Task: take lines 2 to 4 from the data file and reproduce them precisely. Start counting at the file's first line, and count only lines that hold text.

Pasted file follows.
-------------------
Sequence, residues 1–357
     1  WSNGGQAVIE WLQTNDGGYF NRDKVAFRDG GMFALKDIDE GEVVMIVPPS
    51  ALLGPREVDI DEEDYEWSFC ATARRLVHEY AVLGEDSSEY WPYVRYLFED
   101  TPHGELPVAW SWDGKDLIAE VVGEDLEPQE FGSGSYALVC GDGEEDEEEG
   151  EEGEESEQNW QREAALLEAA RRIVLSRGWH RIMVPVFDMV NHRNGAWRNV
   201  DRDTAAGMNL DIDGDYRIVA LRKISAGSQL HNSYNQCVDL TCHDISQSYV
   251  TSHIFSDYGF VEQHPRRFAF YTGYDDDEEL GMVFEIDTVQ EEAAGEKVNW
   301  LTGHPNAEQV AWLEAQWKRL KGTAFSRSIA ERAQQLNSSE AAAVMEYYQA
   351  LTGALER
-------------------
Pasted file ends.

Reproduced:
     1  WSNGGQAVIE WLQTNDGGYF NRDKVAFRDG GMFALKDIDE GEVVMIVPPS
    51  ALLGPREVDI DEEDYEWSFC ATARRLVHEY AVLGEDSSEY WPYVRYLFED
   101  TPHGELPVAW SWDGKDLIAE VVGEDLEPQE FGSGSYALVC GDGEEDEEEG